Tai Chi Reduces Falls In Stroke Survivors
Stroke survivors who often have balance problems can practice tai chi to improve their balance and reduce their number of falls according to a new research. Tai chi, an ancient Chinese exercise which was originally developed for self-defense has been known to reduce stress and anxiety. It's described as meditation in motion at times, as it consists of moving the body with slow, focused movements. A new study found that stroke survivors who learned tai chi suffered less falls. The group was compared to another group of stroke survivors who participated in a regular exercise program as recovery therapy. The findings of the study were presented on Wednesday (Feb. 6) at the American Stroke Association's International Stroke Conference 2013 in Honolulu.
Researchers divided a group of 89 men and women stroke survivor participants into three groups, most of who suffered a stroke three years before joining the study. The average age of the participants was 70 and all were randomly assigned to the three groups. The first group was assigned to 12 weeks of one hour tai chi instruction. The second group was assigned to take 12 weeks of one hour exercise classes called SilverSneakers, focusing on the improvement of range of movement and muscle strength. The third group of stroke survivors was provided with written materials encouraging them to participate in physical activity and received weekly follow up calls.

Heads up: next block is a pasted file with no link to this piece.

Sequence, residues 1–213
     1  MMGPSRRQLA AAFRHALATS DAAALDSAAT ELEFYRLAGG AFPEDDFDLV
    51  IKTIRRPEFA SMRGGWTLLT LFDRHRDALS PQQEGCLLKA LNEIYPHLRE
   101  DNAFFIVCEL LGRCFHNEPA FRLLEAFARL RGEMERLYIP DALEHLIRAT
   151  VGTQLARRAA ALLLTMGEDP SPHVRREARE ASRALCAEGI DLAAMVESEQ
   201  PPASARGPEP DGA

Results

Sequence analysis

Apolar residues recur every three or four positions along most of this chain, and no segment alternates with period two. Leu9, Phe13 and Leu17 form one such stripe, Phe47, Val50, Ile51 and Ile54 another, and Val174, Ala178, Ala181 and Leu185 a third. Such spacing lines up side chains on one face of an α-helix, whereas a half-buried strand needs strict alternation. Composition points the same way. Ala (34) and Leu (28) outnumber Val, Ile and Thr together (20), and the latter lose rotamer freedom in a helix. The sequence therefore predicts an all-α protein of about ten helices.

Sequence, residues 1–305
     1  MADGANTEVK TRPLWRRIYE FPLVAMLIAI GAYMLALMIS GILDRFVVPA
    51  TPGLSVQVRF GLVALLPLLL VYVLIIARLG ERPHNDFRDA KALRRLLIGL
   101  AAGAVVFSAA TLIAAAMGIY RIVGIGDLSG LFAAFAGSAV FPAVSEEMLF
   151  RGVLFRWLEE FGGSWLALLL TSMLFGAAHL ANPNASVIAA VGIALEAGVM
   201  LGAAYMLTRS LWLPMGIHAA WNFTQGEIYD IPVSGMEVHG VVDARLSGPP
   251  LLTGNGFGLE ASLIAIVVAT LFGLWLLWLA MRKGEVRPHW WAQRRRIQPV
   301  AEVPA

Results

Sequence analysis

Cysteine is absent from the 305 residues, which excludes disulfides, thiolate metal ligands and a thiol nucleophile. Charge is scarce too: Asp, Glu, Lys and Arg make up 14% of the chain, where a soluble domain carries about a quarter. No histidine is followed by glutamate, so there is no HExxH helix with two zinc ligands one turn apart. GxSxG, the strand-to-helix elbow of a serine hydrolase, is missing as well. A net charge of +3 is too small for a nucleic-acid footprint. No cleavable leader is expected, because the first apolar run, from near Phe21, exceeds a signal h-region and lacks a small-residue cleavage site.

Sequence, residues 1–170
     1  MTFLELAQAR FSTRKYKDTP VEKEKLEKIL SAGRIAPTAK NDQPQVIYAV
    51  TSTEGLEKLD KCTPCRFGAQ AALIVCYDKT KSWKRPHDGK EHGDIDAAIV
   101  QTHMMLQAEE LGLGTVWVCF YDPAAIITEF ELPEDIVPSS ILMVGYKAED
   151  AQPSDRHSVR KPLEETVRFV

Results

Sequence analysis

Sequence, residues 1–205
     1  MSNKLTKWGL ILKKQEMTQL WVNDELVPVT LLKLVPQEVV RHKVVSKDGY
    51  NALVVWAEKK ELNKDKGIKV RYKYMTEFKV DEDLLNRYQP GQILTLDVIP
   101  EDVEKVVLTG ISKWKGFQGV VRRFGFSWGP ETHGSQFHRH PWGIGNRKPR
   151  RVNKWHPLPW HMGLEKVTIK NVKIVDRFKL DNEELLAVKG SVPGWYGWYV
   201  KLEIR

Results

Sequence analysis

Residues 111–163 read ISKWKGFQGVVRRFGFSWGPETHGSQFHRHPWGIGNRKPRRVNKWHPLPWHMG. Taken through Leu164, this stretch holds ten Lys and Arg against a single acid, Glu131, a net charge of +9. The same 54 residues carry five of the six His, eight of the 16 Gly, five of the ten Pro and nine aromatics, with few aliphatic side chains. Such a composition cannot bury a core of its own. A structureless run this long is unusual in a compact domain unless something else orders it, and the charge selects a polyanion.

A total of 34 falls resulting from tripping or slipping were reported by the participants during the three month long study. Only 5 were reported among the group of participants who were enrolled in the tai chi classes. 14 falls were reported from the group that took the SilverSneakers classes and 14 came from the usual care group.
Author of the study Ruth Taylor-Piliae, an assistant professor at the University Of Arizona College Of Nursing in Tucson said in a news release, "Tai chi combines physical movements with mental concentration and relaxation." The blend of body and mind is what she thinks helps the stroke survivors to prevent falls. Tai chi helps with moving balance, unlike traditional exercise, which helps with standing balance. The concentration and increased awareness and attentiveness also seem to help.
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